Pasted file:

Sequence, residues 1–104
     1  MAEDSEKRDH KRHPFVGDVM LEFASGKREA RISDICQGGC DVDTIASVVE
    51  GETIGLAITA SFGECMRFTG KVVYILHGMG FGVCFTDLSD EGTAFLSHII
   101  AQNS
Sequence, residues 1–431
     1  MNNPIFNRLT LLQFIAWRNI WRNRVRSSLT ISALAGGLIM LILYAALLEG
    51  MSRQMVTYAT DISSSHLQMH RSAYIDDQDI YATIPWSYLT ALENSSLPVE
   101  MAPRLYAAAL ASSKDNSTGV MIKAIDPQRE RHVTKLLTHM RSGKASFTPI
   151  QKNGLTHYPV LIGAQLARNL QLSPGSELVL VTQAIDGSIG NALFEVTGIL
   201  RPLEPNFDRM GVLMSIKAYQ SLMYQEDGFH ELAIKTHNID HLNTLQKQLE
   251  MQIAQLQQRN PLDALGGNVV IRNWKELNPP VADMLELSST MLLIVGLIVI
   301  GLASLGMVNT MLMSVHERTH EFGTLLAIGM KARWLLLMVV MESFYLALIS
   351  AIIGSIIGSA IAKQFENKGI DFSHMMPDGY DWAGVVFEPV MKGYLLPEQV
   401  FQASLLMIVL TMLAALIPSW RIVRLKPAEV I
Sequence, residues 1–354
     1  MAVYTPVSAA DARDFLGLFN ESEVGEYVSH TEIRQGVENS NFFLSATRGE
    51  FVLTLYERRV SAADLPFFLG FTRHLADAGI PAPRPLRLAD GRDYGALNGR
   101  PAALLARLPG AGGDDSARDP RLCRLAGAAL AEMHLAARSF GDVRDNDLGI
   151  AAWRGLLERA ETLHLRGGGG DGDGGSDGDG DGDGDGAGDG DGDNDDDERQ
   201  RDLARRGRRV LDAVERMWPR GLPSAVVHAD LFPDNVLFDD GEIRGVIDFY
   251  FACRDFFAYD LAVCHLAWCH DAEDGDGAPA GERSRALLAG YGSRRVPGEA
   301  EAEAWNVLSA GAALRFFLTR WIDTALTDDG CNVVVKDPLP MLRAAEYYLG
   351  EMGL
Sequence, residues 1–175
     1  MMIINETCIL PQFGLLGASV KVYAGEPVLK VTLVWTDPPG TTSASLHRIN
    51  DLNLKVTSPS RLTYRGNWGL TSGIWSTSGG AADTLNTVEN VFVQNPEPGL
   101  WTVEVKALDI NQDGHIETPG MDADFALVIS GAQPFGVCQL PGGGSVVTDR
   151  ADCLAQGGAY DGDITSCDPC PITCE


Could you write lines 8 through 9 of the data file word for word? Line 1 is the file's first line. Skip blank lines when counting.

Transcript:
   101  MAPRLYAAAL ASSKDNSTGV MIKAIDPQRE RHVTKLLTHM RSGKASFTPI
   151  QKNGLTHYPV LIGAQLARNL QLSPGSELVL VTQAIDGSIG NALFEVTGIL